MODERN TRADITION AND LITURGY. The Ways of Modernism in Hungarian Church Architecture in 20th Century Cover Image
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MODERN TRADITION AND LITURGY. The Ways of Modernism in Hungarian Church Architecture in 20th Century
MODERN TRADITION AND LITURGY. The Ways of Modernism in Hungarian Church Architecture in 20th Century

Author(s): Vilmos Katona, Zorán Vukoszávlyev
Subject(s): Cultural Essay, Political Essay, Societal Essay
Published by: Historický ústav SAV, v. v. i.
Keywords: Modernism; liturgy; Communio; Roman School; reform movement; central; longitudinal

Summary/Abstract: Hungarian church architecture of the 20th century accurately reflects the European historical and artistic development processes of the given period. Though this century was typified by its enriching of the region by presenting the values of individuality, at several points it is still possible to observe the continuity of forms, structures or the craft itself related to foreign connections can be observed at several points. The architectural consensus of buildings designed by architects working in parallel cannot always be derived from the activity of any architectural school. However, it can be noted in general that the spirit of the modern age demanded everywhere the overcoming of the ideals of historism bound by formalities with the help of the liberating facilities of technology, and by presenting their philosophical, aesthetical and economical values. Nevertheless, the intrinsic contradictions of the Modern Movement, which had defined itself only in an unsatisfactory way regarding the matter of tectonics, historic and space context and architectural immanence, were manifested in an apparent break in sacral architecture rooted in liturgical traditions. Though in the third quarter of the century we can find examples of even some industrial-constructivist interpretations of sacral buildings, from the point of view of new social demands and technology the Church’s changed role can be defined only temporarily or incompletely. We also have to take into consideration the iconological hiatus that arose from the modernist repudiation of the spatial and textual symbolic order that had previously existed in historism, in the church architecture of Art Nouveau or in the Hungarian national movement at the turn of the century. The iconological patterns were dissolved in the expressive form, in the avant-garde reduction of liturgical arts and in the space-topography; while the liturgical spaces cleansed of narratives and allegories emphasized the independence of holiness from space and time as well as its direct and universal aspect. Consequently, this purity of sacral spaces was attached to the development of a religious community into an intellectual centre, while the uniqueness of the liturgical word, which was just being born, was connected to the specialty and singleness of individual spaceformation. It may seem rather contradictory that in the decades when the experimental form of modernity spread through Europe, Hungarian church architecture of the period between the two world wars was much more connected to historical archetypes, to ‘common taste’ and to the emphasis on the community creating the role of the church than the Hungarian state architecture of the era after World War II, in which architecture professed social realism, the will of people and communism, but soon performed a complete turn to modernism. After the liquidation of the communist regime, the liturgical architecture of the era had the chance to take inspiration...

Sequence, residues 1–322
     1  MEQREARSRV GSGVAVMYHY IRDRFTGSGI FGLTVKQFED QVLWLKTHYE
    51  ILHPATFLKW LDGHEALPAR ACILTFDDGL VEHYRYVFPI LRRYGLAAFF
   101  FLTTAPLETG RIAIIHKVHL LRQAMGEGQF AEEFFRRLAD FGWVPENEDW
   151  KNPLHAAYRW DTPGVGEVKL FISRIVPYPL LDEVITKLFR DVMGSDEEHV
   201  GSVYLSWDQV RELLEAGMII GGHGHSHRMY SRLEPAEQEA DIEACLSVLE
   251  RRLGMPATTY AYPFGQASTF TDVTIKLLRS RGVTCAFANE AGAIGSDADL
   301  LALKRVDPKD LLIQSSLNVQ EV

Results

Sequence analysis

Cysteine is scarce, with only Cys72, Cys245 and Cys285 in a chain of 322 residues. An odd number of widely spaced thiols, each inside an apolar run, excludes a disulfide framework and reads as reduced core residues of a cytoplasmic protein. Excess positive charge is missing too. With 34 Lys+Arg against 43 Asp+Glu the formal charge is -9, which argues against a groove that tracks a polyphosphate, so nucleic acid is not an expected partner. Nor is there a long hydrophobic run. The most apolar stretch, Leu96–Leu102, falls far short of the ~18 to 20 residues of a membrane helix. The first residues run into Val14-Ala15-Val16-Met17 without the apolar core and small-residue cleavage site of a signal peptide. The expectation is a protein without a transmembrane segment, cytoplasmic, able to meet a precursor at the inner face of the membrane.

• Issue Year: 46/2012
  • Issue No: 1-2
  • Page Range: 2 - 23
  • Page Count: 22
  • Language: English